Now with the rejuvenated Buttermaker’s House, the community is looking forward to their second artist-in-residence arriving in the summer of 2024.

Congratulations to the Stephan G. Stephansson Icelandic Society for their grassroots efforts in the successful restoration of the Buttermaker’s House! 

The Grand Opening of the Buttermaker House and the cutting of the red ribbon by, left to right: Joan Sandham, writer and granddaughter of W.H. Jackson, Val Osborne granddaughter of Dan Morkeberg, and John McKechnie president of SGSIS. Photo courtesy of the SGSIS.

Interested in applying for the Artist Residency program at the Buttermaker House? Click here for more info

Interested in applying for a Launch Pad Coaching Grant with the National Trust? Apply for a grant


About William Jackson, Buttermaker and resident of the Buttermaker’s House 

Built in 1913, the Buttermaker’s House strongly reflects the social and economic context of the dairy industry in early 20th-century Alberta. It was constructed for William Jackson who had been recruited to work as Buttermaker at the Markerville Creamery after several years’ experience in Innisfail.

Jackson was strongly representative of the class of skilled artisans who oversaw butter production and quality control on a modern, scientific basis in the early 1900s as dairy production increasingly shifted from individual farms to large-scale industrial facilities like the Markerville Creamery. Jackson lived at the Buttermaker’s House and worked at the creamery for 10 years, during which time he won multiple quality awards at provincial competitions and played a leading role in the Alberta Dairymen’s Association. The house was thus a residence that served the needs of Jackson and his family and also reflected the creamery’s need to attract skilled workers vital to the facility’s long-term success.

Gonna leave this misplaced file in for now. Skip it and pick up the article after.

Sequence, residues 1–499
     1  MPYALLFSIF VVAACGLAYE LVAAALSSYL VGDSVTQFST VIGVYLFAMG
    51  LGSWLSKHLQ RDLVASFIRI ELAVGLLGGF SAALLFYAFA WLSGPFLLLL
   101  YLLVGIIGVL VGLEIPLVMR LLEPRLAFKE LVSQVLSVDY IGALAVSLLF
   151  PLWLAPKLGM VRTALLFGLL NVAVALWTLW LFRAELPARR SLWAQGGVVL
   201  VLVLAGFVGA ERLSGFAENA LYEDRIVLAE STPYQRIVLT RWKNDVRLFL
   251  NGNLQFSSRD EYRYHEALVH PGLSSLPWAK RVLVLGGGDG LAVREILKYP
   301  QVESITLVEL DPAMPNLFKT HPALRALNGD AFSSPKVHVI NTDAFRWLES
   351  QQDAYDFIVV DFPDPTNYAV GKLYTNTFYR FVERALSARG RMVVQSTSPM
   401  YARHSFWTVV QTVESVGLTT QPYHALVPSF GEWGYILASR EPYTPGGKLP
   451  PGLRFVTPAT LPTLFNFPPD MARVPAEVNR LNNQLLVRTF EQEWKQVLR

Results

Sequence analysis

The building’s overall design and high level of interior and exterior integrity clearly convey its primary domestic function, while its close proximity to the Markerville Creamery communicates its historic association with this crucial local industry and, more broadly, the social context of rural industrialization in early 20th century Alberta.

Source: Alberta Culture and Tourism, Historic Resources Management Branch (File: Des. 0872) 

The Historic Markerville area includes the four historic buildings of Markerville and is now promoted as Historic Markerville. The Creamery, now a museum, remains the hub of the district. Summer months are filled with tourists seeking experiences with the local history and sites of the area and learning more about historic Icelandic settler culture and knowledge. Winter months, the museum is the local gathering spot for descendants of the pioneers and those who farm(ed) within the area.



Historic Markerville 

The Buttermaker’s House 

The Buttermaker’s House on the Alberta Register of Historic Places 

Passport Places